Millions of people in the UK suffer from hearing loss or dizziness and balance disorders.
The medical services that support them owe much to Ronald Hinchcliffe. Beginning in the 1950s, when the prevalence and causes of these disorders were poorly understood, Hinchcliffe undertook scientific investigations that laid the foundations of audiovestibular (hearing and balance) medicine today.
The problem of excessive noise was recognised by the postwar RAF and Hinchcliffe headed their Acoustics Laboratory under Air Commander Dickson, developing ear protection and monitoring methods in common use today. Hinchcliffe went on to work alongside auditory-science pioneers von Bekesy, Stevens and Zwislocki at the Psychoacoustical Laboratory Harvard. At the Medical Research Council's Wernher Research Unit at King's College Hospital under TS Littler, Hinchcliffe conducted important studies in South Wales and south-east Scotland. By 1960 he had demonstrated the prevalence of high-frequency hearing loss in men exposed to noise at work. In Jamaica, Nigeria and Ghana Hinchcliffe identified other patterns and causes of deafness, such as eating cassava. He concluded that deafness is not the inevitable result of age but has avoidable causes.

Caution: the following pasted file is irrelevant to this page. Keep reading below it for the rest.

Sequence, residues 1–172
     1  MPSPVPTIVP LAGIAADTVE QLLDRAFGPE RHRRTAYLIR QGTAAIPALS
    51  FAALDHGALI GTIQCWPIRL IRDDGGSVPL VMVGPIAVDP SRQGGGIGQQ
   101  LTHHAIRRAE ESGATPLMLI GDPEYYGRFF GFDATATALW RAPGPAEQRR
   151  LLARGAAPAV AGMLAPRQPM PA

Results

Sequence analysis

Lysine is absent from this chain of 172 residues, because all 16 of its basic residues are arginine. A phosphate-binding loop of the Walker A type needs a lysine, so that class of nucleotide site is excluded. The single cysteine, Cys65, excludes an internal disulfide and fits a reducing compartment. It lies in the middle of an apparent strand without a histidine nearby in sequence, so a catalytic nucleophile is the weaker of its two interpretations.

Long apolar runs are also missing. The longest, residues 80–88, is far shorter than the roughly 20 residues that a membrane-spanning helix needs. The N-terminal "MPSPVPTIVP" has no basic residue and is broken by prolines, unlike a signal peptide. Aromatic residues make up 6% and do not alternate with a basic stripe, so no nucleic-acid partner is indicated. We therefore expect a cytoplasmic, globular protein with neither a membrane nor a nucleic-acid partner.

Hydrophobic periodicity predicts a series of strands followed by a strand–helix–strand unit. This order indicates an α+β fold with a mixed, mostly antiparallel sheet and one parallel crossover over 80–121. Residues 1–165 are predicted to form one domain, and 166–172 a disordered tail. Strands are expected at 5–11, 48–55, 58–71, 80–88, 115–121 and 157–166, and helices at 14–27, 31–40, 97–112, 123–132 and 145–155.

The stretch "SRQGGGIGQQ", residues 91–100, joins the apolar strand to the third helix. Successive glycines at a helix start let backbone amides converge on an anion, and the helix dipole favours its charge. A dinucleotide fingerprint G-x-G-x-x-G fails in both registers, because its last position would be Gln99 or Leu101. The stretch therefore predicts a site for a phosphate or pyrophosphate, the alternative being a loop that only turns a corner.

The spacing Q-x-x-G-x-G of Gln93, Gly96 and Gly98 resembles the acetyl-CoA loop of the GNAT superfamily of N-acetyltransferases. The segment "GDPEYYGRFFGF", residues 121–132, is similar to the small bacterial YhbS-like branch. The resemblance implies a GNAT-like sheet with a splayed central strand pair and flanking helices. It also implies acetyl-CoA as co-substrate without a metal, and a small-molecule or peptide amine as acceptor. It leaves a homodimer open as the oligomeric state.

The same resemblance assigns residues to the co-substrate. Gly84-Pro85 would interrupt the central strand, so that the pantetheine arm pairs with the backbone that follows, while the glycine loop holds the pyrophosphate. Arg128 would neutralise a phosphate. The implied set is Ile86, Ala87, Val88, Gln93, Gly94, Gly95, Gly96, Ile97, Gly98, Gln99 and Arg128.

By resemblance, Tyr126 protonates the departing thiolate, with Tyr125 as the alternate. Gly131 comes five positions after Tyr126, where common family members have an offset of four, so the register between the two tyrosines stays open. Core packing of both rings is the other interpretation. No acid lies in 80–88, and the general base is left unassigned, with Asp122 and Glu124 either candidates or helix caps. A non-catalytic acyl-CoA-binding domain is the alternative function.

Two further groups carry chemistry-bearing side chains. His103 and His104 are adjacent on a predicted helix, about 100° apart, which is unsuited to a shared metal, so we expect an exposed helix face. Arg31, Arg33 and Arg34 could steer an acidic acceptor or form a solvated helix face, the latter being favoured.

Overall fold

Hinchcliffe's scientific evidence was crucial to Justice Mustill's 1984 landmark ruling that after 1963 employers had no excuse for failing to protect the hearing of their employees. This paved the way for 'Noise at Work Regulation' which from 1990 helped protect the hearing of industrial workers. These regulations continue to be strengthened by EU directives.
Hinchcliffe was key to the formation of the British Society of Audiology in 1967, and was founder of the British and International Associations of Audiological Physicians. He was Secretary General of the International Society of Audiology for many years, and was honoured by ENT societies in Japan, China Thailand and elsewhere. With Ian Taylor, Hinchcliffe successfully campaigned for a new medical specialty in the UK, Audiological Medicine, and in 1977 he became the UK's first Professor of Audiological Medicine.
As a committed clinician and academic at London's Institute of Laryngology and Otology for over 25 years, Hinchcliffe pioneered new techniques to diagnose hearing and balance disorders and he identified the psychological aspects of Menière's disease and tinnitus.
A rare combination of uncompromising scientist and perceptive clinician, Hinchcliffe had a fertile legalistic mind. While he vigorously challenged opinions and decisions not based on hard evidence, he gave his time and knowledge generously to anyone asking for help. He leaves a unique legacy of doctors and scientists around the globe who he inspired, trained, and supported. All of them will miss him.
Ronald Hinchcliffe, audiovestibular physician and academic: born Bolton 20 February 1926; died Hitchin 5 January 2011.